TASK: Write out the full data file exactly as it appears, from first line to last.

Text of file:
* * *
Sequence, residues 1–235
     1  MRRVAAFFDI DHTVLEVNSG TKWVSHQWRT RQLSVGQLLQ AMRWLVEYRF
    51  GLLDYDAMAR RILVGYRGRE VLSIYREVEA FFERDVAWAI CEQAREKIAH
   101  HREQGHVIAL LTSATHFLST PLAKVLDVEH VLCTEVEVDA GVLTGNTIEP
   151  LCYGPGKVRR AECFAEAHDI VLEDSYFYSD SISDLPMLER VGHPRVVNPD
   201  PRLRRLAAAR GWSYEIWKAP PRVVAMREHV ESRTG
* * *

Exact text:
Sequence, residues 1–235
     1  MRRVAAFFDI DHTVLEVNSG TKWVSHQWRT RQLSVGQLLQ AMRWLVEYRF
    51  GLLDYDAMAR RILVGYRGRE VLSIYREVEA FFERDVAWAI CEQAREKIAH
   101  HREQGHVIAL LTSATHFLST PLAKVLDVEH VLCTEVEVDA GVLTGNTIEP
   151  LCYGPGKVRR AECFAEAHDI VLEDSYFYSD SISDLPMLER VGHPRVVNPD
   201  PRLRRLAAAR GWSYEIWKAP PRVVAMREHV ESRTG